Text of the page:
Guest Column | November 10, 2017

A Practical Framework To Improve The Management Of Cyanide In Industrial Wastewaters

By Dr. Felix Zelder


Understanding your detection needs when it comes to free cyanide can help you choose the most suitable detection method.

Cyanide is an essential chemical compound for a large number of industrial processes and products that are part of our everyday lives. Unfortunately, cyanide is also one of the most lethal chemical substances known to mankind. A few hundred milligrams of this compound in solution, or ppm in air, are enough to cause severe to lethal damage in adults if ingested or inhaled. Moreover, it is particularly harmful for aquatic life and habitats.

According to the International Cyanide Management Code, the mining industry consumes about 6 percent of the annual hydrogen cyanide output (>1M metric tons) to remove gold from ore, a process that is more than 100 years old. Cyanide is also used to process foods and produce pharmaceuticals, cosmetics, and plastics. Its ability to form soluble complexes with metals such as zinc, silver, copper, and gold in water, together with its ability to aid anode corrosion and conductivity, makes cyanide an essential component of many electroplating processes.

Why Is The Management Of Cyanide Important?
Each year, the mining and electroplating industries rely on large amounts of useful, but toxic cyanide. Unfortunately, voluntary or involuntary release of this compound into surface waters does occur, posing a severe threat to animals, humans, and aquatic life. In 2000, about 100,000 cubic meters of cyanidecontaining wastewater was spilled in Baia Mare (Romania), heavily contaminating the Danube and other rivers in Eastern Europe and affecting the ecosystems, health, and economies of local communities. Tightening regulations imposed by local and regional governments to avoid similar disasters have led to increased cyanide management costs and the reevaluation of internal processes.

Mining-impaired water in Romania

For companies in the mining and electroplating industry, proper cyanide management plays a prominent role in decreasing costs, minimizing the chances of provoking environmental disasters, and avoiding bad publicity. In this context, the rapid, accurate, and safe detection and quantification of cyanide in water helps companies to control the quality of their internal processes, comply with regulations, and ensure the absence of toxic substances in their wastewaters.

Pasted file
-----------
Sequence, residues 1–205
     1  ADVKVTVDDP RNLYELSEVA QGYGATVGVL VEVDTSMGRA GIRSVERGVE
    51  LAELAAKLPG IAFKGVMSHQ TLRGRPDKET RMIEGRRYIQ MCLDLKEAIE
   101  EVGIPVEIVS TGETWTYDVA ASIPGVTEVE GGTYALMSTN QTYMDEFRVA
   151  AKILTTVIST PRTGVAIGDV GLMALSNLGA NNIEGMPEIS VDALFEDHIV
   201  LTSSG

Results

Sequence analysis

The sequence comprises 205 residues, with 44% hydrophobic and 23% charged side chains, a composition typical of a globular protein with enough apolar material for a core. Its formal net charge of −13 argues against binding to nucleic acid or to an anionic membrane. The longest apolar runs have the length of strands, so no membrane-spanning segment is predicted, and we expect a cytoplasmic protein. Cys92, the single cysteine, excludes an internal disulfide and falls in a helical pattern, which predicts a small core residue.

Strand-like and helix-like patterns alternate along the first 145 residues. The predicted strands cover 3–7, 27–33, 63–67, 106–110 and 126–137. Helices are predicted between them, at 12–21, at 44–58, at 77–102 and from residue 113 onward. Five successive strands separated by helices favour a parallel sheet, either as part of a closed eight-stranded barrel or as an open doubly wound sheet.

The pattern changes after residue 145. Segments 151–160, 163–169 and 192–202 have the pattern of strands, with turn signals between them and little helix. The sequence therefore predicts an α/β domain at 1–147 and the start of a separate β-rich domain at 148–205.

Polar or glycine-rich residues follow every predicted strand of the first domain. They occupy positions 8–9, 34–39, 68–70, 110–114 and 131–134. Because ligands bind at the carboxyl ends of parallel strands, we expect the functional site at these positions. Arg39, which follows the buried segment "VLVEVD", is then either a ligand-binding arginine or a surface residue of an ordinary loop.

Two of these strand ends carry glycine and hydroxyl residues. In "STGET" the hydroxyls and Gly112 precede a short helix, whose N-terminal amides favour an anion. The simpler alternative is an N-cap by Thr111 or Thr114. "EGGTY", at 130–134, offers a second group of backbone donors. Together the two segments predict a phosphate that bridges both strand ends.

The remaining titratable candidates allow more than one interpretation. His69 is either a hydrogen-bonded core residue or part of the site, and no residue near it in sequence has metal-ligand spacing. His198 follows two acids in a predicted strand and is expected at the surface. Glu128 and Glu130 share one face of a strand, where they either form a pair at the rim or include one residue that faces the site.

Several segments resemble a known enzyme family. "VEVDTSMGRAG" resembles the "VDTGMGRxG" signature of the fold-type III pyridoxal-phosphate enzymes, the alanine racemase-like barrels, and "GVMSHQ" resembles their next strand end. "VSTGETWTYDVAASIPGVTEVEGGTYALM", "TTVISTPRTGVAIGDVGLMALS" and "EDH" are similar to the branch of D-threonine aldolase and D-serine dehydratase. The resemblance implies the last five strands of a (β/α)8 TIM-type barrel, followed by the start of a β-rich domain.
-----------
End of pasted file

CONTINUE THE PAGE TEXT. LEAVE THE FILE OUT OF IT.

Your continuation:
Current State Of Methods For Free Cyanide Detection
Today, companies interested in the detection of free cyanide in water can choose from a wide range of techniques with variable precision, time consumption, reliability, and equipment requirements. For the exact quantification of free cyanide, techniques such as gas diffusion coupled with amperometric detection offer excellent results, but are rather time-consuming and require specialized equipment. However, colorimetric detection of free cyanide offers an attractive alternative to those interested in binary outputs: It is a semiquantitative method with great versatility in terms of speed, sample preparation, and equipment needed.

Colorimetric detection methods are based on the interaction of free cyanide with an indicator that changes color upon reaction. These methods are simple, less time-consuming, and might not require specialized equipment. They are, however, not necessarily less prone to interferences arising from other chemical species, something that, in many cases, hinders their reliability. Furthermore, several of these methods use harmful compounds, thereby putting the safety of their users at risk. The current market offerings for the colorimetric detection of free cyanide can be divided into three categories based on the technology used.

Chlorinating Reagents (König Reaction)
This traditional detection method is based on the reaction of free cyanide with chloramine T to form cyanogen chloride, which subsequently reacts with pyridine and barbituric acid to form a red-blue dye. Most commercially available free cyanide tests are based on this technology, broadly adopted by the electroplating industry. Users of this method must be aware of their possible exposure to organic solvents, harmful reagents, and highly toxic reaction intermediates.

Silver Nitrate Titration
Commonly used in both the mining and electroplating industry, this method is based on the ability of free cyanide to form complexes with silver in solution. In short, a silver nitrate solution is added to the free cyanide-containing sample, where free cyanide complexes with silver. Once all free cyanide is consumed, the excess silver ions react with an indicator (rhodamine, dithiozone, and murexide, for example) that changes color once in contact with free silver ions. However, because silver ions can also remove cyanide from other complexed species, the color might disappear after reaching the actual endpoint, thereby leading to false results. Hence, this well-established method requires experienced users and special analytical equipment, and the reagents needed can have limited bench lifetimes.

Corrin-Based Indicators